Selfish Conservatives: 19 of the 20 Most Charitable States Voted for Romney


10 Comments on “Selfish Conservatives: 19 of the 20 Most Charitable States Voted for Romney”

  1. swo8 says:

    Charity is just a feel good exercise for the greedy. In a real world, where there was a little more equity, you wouldn’t need charity because everyone would have enough. That is what is behind a lot of the discord in todays news.
    Leslie

    • The Butcher says:

      Only in utopian or socialist or fascist fantasy is there a magical fairy tale world where “you wouldn’t need charity”. It never existed, it never will. Inequality is part of the human condition. Charity is a virtue that can’t be replaced by force, taxation, and redistribution. The U.S. has spent 7-10 Trillion on poverty programs, welfare, public assistance, etc., and the poverty rate is unchanged. There is no policy, no ideology, that can cure ‘inequality’. Society has a moral obligation to take care of its poor and needy. Left to their own, without forced intervention by State, people are generous, and step up to that obligation.

      When there are global disasters, and help is needed, the people of the U.S. are by far the most generous earth–voluntarily–and give more than any of the other developed nations, who have the resources, but decline to give when help is needed.

      I would put more faith in the natural goodness and charity of the average American than I would any self-interested, faceless, wasteful, corrupt bureaucracy.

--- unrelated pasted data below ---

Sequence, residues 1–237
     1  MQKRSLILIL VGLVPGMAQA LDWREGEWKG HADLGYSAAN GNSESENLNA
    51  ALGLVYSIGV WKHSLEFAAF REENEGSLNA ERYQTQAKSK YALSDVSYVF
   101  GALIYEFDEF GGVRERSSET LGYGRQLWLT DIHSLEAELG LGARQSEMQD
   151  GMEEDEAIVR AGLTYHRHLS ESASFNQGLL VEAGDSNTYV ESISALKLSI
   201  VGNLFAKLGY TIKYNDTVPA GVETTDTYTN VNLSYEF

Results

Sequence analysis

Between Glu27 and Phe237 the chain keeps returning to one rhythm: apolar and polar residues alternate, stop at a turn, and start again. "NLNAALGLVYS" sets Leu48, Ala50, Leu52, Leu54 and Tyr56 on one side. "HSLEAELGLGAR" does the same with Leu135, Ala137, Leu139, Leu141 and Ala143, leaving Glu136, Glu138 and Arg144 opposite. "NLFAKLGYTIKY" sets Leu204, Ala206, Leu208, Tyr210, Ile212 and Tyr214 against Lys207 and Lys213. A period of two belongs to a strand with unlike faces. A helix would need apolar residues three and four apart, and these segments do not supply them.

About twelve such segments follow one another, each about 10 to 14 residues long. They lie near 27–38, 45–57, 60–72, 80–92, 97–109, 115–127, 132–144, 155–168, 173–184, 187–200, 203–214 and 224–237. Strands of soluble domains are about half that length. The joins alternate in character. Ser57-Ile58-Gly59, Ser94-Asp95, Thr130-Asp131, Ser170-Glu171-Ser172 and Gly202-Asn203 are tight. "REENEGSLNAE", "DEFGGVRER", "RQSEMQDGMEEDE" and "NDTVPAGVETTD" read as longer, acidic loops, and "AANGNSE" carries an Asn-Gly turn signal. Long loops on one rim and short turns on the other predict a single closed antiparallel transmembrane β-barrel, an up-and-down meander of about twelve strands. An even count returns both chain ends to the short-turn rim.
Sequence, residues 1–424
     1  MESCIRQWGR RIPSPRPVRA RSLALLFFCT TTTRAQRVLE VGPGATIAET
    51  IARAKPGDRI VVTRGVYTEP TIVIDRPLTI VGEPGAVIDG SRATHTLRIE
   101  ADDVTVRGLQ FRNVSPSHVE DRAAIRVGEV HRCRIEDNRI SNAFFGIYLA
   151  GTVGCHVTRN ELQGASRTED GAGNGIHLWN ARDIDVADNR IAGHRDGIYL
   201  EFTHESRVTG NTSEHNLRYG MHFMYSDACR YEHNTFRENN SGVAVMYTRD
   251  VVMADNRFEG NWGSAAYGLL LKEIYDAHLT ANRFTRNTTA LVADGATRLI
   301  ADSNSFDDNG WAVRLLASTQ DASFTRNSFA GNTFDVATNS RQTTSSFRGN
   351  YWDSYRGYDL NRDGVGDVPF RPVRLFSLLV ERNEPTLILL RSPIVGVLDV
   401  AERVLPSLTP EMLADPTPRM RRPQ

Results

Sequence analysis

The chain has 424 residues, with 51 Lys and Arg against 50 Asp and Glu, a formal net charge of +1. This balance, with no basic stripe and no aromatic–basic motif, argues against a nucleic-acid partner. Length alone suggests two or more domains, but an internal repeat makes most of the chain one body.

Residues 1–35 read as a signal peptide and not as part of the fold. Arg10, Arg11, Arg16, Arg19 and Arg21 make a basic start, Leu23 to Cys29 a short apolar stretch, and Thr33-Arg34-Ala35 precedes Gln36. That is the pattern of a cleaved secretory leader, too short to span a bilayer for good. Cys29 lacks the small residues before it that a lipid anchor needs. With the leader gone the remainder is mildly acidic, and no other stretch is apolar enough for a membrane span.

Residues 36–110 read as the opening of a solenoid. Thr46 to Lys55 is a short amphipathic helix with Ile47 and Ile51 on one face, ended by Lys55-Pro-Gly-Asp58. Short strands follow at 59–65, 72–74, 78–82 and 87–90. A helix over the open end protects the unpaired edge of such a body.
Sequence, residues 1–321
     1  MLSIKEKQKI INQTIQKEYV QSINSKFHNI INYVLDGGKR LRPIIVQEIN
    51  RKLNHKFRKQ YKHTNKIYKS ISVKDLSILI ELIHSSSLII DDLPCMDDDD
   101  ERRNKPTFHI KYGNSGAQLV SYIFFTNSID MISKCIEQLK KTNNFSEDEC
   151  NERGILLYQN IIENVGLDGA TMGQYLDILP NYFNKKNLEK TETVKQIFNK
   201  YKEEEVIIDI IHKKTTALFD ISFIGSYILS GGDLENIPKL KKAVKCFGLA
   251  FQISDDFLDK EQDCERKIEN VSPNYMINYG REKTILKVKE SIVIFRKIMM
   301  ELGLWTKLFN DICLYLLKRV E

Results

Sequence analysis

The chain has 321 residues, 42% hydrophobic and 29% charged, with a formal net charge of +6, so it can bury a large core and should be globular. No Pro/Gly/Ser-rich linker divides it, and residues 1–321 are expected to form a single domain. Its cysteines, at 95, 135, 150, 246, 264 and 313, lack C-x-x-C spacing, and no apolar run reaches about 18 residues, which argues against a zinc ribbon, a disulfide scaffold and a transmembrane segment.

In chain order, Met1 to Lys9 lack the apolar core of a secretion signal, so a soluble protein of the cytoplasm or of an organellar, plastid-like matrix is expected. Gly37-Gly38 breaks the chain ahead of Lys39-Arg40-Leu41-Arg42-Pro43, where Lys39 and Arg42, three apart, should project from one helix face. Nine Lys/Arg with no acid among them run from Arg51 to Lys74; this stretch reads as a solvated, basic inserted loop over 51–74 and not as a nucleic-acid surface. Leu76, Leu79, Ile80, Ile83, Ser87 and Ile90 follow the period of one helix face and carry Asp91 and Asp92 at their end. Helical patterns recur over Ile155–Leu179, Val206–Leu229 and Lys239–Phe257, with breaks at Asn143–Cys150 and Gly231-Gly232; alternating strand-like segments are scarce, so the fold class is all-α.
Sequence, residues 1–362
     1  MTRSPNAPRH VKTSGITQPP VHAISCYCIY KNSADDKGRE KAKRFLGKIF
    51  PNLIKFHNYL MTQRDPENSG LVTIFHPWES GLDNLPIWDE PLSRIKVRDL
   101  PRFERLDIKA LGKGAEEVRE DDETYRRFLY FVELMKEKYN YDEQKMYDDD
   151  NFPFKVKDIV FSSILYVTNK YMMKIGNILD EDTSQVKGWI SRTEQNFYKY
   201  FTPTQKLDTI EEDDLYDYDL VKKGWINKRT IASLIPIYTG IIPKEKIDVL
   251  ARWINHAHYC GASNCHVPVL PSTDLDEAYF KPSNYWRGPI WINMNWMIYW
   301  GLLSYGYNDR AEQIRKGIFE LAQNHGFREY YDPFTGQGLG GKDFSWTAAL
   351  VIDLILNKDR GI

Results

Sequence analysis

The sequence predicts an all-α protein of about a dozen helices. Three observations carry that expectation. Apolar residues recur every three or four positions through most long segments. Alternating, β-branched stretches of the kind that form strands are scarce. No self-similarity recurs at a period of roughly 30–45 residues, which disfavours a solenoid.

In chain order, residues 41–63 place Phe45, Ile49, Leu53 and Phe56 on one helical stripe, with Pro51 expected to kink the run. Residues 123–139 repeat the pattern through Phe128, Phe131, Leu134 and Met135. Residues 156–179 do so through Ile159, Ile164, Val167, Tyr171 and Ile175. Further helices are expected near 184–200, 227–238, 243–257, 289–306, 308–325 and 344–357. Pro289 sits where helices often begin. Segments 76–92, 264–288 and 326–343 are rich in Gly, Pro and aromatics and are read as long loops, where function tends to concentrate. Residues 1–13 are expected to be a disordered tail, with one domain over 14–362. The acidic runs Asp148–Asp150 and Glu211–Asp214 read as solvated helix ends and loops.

There’s a reason there isn’t a “Statue of Equality”.

      • swo8 says:

        I wager that you aren’t old enough to remember that there were better times when the government made policies that were directly responsible for a more equitable society. Sure you will never totally eliminate poverty but what is happening now is off shore manufacturing and Foreign Worker Programs that strip most North Americans of any sort of employment. I agree that the North American people are charitable to the extreme, but most people don’t want charity, they want decent jobs and careers.
        Leslie

      • The Butcher says:

        Well, you might lose that wager. Unlike many of our readers, I’m old enough to remember when LBJ was president. Perhaps you are, too. Or perhaps not.

        And there is no person no matter what age that lived in any time in America where a ‘more equitable society’ was “directly due” to government policies.

        This is the folly of believing that wealth, poverty, or equitable income is the domain of the federal government in the first place.

        Average people and their local governments are better suited to address these needs. Local governments are A. More accountable, and B. can’t print money.

        Federal poverty programs interrupted already declining poverty, then made poverty permanent. Note: my previous figure (7-10 trillion) was incorrect. Over 50 years, it’s 22 trillion. It’s one of the most tragic mistakes of the 20th century,